Menopausal Women Don’t Get Enough Vitamin D

Vitamins D and E deficient during menopause

/ Author:  / Reviewed by: Joseph V. Madia, MD

(RxWiki News) You’ve heard it time and time again: eat vitamin-rich food to stay healthy, especially if you’re a woman who’s transitioning through an important developmental stage, such as menopause. However, not all women are following this advice.

A Spanish study shows that women in peri- and postmenopause are deficient in vitamin D, a nutrient that helps the body absorb calcium and strengthens bones and teeth. Women also lack vitamin E, which is needed to help heal and repair your skin, hair, fingernails and organs.

"Ask your doctor about proper vitamin supplementation."

The scientists concluded that a diet with less fat and protein and more vegetables, nuts and carbohydrate-rich food can balance energy intake and help raise your body's levels of vitamins D and E.

Women in menopause have a greater risk of developing health problems, including diabetes, osteoporosis, cardiovascular disease and certain types of cancer, says study author Dr. Marina Pollan, a researcher at the Carlos III Insititute of Health in Spain. Identifying deficiencies and treating them early on can help women stay healthy and prevent other health problems.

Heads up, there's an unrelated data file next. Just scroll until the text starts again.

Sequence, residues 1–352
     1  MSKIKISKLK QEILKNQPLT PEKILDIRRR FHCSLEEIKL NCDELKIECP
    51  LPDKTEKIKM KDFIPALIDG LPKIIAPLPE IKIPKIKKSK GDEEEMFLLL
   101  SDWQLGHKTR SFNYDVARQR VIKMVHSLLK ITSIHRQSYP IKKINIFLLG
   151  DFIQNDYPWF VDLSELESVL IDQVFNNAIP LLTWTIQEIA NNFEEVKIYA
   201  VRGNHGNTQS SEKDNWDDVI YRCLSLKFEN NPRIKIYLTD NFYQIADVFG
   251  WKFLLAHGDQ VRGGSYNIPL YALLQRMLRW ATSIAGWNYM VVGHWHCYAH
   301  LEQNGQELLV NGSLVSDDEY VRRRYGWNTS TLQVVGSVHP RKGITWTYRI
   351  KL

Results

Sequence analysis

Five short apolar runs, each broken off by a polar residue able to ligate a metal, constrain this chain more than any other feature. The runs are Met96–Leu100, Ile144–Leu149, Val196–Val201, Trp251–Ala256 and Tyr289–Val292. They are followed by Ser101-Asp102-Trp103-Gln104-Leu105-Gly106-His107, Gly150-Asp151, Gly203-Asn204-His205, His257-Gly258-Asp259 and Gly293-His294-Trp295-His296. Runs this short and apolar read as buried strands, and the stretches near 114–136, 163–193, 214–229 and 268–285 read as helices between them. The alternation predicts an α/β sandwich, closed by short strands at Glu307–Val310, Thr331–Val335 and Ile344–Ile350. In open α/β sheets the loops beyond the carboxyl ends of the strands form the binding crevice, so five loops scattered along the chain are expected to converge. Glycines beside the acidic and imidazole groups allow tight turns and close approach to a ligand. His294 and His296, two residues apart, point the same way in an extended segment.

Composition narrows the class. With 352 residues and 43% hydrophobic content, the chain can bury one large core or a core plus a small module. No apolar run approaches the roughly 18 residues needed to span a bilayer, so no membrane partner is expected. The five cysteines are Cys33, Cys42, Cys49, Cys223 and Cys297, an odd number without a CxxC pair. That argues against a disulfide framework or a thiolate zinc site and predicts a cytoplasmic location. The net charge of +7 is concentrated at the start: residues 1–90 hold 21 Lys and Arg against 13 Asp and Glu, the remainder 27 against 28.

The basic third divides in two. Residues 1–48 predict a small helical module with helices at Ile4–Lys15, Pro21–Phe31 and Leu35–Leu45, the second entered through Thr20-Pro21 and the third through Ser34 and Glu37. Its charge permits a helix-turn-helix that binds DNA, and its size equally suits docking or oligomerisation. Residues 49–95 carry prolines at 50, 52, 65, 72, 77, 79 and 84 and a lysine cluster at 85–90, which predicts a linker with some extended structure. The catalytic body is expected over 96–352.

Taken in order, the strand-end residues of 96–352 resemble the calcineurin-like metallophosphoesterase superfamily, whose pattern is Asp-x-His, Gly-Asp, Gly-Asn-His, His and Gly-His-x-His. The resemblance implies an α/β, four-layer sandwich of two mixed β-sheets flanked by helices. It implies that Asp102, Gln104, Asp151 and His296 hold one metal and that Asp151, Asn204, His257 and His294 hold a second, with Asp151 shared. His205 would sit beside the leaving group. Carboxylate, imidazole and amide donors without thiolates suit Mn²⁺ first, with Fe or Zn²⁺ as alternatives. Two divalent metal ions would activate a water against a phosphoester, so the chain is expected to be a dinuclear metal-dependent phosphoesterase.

The researchers tracked 3,574 Spanish women between the ages of 45 to 68 for 10 months. The women detailed their diet in a questionnaire, and were divided into groups based on where they were from: A Coruna, Barcelona, Burgos, Palma de Mallorca, Pamplona, Valencia and Zaragoza.

The researchers say that none of the women reached 50% of their Recommended Daily Allowance (RDA) for vitamin D. They consumed only 2.14 micrograms a day, which is just 39% of the RDA for women of this age bracket, as recommended by the Spanish Society of Community Nutrition.

The scientists found that women living furthest away from the Mediterranean Sea, consumed fewer fruits and vegetables.

Overall, 29% of the women were obese and 42% were overweight. Average calorie intake was 2,053 calories.

If you’re deficient in vitamin D, you can boost your intake by eating fish such as salmon, herring and sardines. Eggs and milk are also good sources. And don’t forget about the easiest way to get vitamin D: a daily dose of sunshine! When the sun’s rays hit your skin, it stimulates your skin’s production of this important vitamin. 

Need more vitamin E? Foods rich in this vitamin include leafy greens such as mustard greens, Swiss chard, spinach and kale, almonds, pine nuts, peanuts, papaya, kiwi and whole grain foods.

This observational study was published in the Spanish journal Nutricion Hospitalaria. 

Reviewed by: 
Review Date: 
November 23, 2011
Last Updated:
December 19, 2011